While vandalism has forced some schools to limit access to their grounds after hours, Culkin takes the opposite view. ''If you lock a place up, you are asking for trouble. If you allow managed access, you get a better result. You're not going to get a high volume of intruders and people up to no good when you've got activity in a place.''
Finding the space for parks in the decades ahead will be one battle, but keeping those spaces green and usable will be quite another. Melburnians need no reminding of the impact drought has had on their parks and sports fields in recent times. As a drying climate has turned fields to dust, many councils have installed artificial surfaces in recreation spaces, including sand, asphalt and, increasingly, synthetic grass.
While those solutions have had localised success, they don't suit a society wanting to curb urban heat absorption, grow food in parks and combat ''nature deficit disorder''.
Instead of looking to the heavens for rain, the answer to keeping parks green seems to be stirring in the pipes below. Authorities in charge of Melbourne's sewer network have recently conducted a major review of the city's wastewater system, and are writing a strategy for its management in the decades ahead.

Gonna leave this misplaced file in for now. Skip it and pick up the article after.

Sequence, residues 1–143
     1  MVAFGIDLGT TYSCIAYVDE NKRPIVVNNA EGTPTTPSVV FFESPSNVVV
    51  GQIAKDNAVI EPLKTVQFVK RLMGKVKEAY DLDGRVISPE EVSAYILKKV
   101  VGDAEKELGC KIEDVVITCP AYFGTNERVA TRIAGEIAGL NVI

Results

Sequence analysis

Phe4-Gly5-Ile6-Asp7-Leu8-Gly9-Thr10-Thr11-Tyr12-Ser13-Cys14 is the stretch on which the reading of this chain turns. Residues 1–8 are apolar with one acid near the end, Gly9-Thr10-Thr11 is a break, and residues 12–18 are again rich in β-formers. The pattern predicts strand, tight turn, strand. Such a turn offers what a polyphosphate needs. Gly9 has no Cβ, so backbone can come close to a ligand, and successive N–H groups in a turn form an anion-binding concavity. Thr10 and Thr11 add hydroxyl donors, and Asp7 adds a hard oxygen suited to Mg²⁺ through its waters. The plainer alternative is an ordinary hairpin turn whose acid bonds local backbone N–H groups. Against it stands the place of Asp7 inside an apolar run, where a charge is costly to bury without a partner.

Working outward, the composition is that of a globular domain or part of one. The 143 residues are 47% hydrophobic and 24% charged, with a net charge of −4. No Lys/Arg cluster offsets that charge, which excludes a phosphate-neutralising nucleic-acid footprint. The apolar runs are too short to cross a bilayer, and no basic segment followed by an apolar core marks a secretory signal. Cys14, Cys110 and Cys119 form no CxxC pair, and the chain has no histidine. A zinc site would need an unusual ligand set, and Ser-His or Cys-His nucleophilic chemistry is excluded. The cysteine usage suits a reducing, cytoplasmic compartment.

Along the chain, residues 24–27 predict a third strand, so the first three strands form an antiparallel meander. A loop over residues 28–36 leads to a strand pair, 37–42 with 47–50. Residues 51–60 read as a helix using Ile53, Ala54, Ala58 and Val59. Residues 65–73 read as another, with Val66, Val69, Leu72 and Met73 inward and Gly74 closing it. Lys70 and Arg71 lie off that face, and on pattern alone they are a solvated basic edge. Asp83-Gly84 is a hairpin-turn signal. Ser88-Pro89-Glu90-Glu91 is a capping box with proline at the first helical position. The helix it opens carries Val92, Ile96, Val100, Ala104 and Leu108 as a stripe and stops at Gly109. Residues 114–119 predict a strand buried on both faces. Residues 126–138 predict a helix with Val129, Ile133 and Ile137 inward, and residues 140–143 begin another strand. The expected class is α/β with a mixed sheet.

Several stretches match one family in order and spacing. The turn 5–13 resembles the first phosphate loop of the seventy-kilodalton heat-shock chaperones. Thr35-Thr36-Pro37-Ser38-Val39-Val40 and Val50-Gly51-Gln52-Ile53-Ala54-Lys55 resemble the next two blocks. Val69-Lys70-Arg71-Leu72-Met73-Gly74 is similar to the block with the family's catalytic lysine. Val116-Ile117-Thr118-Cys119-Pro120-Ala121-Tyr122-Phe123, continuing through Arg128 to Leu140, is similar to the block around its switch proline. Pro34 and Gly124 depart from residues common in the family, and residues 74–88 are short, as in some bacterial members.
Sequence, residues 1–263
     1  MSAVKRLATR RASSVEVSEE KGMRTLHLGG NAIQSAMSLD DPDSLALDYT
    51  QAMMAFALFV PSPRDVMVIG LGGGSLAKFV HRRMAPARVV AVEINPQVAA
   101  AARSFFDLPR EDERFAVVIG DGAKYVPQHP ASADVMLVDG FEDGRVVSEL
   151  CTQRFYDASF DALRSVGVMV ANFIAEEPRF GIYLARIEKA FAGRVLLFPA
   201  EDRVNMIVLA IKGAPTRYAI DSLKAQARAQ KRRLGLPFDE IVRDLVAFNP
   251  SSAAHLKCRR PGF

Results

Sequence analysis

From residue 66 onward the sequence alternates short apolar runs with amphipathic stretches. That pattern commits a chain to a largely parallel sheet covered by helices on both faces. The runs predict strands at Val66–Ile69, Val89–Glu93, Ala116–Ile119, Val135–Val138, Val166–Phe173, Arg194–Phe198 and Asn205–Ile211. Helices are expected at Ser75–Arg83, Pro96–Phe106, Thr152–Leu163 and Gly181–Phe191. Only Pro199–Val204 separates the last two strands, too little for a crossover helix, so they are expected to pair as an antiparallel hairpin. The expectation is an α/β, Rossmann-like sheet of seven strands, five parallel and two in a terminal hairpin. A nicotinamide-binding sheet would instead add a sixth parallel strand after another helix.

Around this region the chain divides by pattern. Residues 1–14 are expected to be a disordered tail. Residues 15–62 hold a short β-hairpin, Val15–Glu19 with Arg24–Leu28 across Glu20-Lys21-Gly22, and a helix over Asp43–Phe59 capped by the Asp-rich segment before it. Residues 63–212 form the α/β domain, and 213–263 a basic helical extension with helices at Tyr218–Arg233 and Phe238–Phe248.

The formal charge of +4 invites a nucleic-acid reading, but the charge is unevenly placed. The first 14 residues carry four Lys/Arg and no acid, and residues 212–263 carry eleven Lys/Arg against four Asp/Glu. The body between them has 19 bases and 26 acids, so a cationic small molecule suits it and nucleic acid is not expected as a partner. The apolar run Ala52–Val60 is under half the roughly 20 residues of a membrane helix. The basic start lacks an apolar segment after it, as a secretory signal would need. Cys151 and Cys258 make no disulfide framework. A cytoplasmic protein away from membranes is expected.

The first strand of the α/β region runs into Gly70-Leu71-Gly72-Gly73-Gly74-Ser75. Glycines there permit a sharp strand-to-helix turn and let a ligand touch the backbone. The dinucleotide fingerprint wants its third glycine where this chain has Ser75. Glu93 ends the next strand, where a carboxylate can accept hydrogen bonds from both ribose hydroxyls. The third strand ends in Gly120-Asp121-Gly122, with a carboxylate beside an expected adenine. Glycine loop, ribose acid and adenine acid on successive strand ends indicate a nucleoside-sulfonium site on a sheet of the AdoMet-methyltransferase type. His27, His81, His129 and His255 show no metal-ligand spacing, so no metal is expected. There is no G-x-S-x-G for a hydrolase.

A key focus of the strategy, led by Melbourne Water, was to investigate whether the treatment of sewage could be conducted in a less centralised way.
Virtually all Melbourne's sewage and wastewater is pumped long distances to one of two massive treatment plants, one in the west at Werribee and one in the east at Carrum. Despite being treated to very high standards, the vast majority of that water is then simply pumped out to sea.